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Los Angeles News Service v.


Citation: 973 F.2d 791

Court: U.S. Court of Appeals for the Ninth Circuit

Opinion Date: August 27, 1992

Los Angeles News Service (“LANS”) recorded newsworthy events on videotape and
licensed television stations and networks to use all or segments of the unedited (“raw”)
footage in edited broadcast news stories. Audio Video Reporting Services (“AVRS”)
made video recordings of these news programs, which included portions of LANS’s
footage, and marketed the recordings. LANS sued, claiming copyright infringement.
The District Court entered judgment for LANS on the copyright infringement claims.
The Court of Appeals affirmed. Because AVRS sold their clips it negated their fair use

Los Angeles News Service, Plaintiff-counter-defendant-appellee,robert Tur,

Counter-defendant-appellee, v. Frank Tullo; Charles Bickert;
Defendants-appellants,audio Video Reporting Services;
Defendant-counter-claimant-appellant, 973 F.2d 791 (9th Cir. 1992)

U.S. Court of Appeals for the Ninth Circuit - 973 F.2d 791 (9th Cir. 1992)

Argued and Submitted Oct. 7, 1991. Decided Aug. 27, 1992

Jeffrey L. Graubart, Los Angeles, Cal., for defendant-counter-claimant-appellant.

Elliot S. Ganezer, Ganezer Law Firm, Santa Monica, Cal., for


Appeal from the United States District Court for the Central District of California.

Before: BROWNING, ALARCON and T.G. NELSON, Circuit Judges.

JAMES R. BROWNING, Circuit Judge.

Los Angeles News Service ("LANS") records newsworthy events on videotape and
licenses television stations and networks to use all or segments of the unedited ("raw")
footage in edited broadcast news stories. Audio Video Reporting Services ("AVRS")
provides a video "news clipping" service: It monitors television news programs,
records them on videotape and sells copies of all or segments of the tapes to
interested individuals and businesses.
LANS videotaped the sites of an airplane crash and a train wreck, registered its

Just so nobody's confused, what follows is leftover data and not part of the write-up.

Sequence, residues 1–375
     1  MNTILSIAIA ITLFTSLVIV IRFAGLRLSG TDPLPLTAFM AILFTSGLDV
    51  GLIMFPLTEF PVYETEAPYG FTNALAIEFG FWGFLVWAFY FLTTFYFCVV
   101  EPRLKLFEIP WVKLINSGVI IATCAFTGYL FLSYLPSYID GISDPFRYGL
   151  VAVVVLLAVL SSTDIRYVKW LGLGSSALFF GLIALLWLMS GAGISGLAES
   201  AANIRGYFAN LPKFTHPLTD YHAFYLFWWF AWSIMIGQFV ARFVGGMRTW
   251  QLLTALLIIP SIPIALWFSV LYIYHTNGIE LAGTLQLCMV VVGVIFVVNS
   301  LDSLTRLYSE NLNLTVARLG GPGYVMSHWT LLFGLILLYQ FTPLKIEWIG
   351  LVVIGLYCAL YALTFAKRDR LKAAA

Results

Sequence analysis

copyrights to the tapes, and licensed certain Los Angeles-area television stations to
use them on news programs. AVRS made video recordings of these news programs,
which included portions of LANS's footage, and marketed the recordings.
LANS sued, claiming copyright infringement. AVRS counterclaimed, alleging LANS had
fraudulently induced AVRS to provide LANS with copies of AVRS recordings by falsely
promising to pay for the tapes.1 After a bench trial, the district court entered
judgment for LANS on the copyright infringement claims and awarded statutory
damages of $10,000 for each infringement, a total of $20,000. The court found for
AVRS on its fraud claim and awarded AVRS $346.13.
AVRS appeals, making the following claims: (1) the raw videotapes are not sufficiently
original to merit copyright protection; (2) the public's First Amendment right of access
to videotapes of newsworthy events, such as the crash and the wreck, precludes
copyright protection for the tapes; (3) even if the tapes are copyrightable, AVRS made
"fair use" of them and is therefore shielded from liability for copyright infringement; (4)
even if AVRS would otherwise be liable for copyright infringement, LANS's "unclean
hands" barred recovery; (5) having found AVRS liable for copyright infringement, the
court should have permanently enjoined AVRS from copying LANS's copyrighted
material without license from LANS, fixed the terms of a license that would permit
AVRS to copy LANS's copyrighted material, and required LANS to notify AVRS when
LANS's copyrighted material was broadcast; (6) the damage award was excessive; and
(7) a videotape of the train wreck should not have been admitted into evidence. We

II. Raw Videotapes as Original Works of Authorship

AVRS claims LANS's raw videotapes, as opposed to the edited news stories in which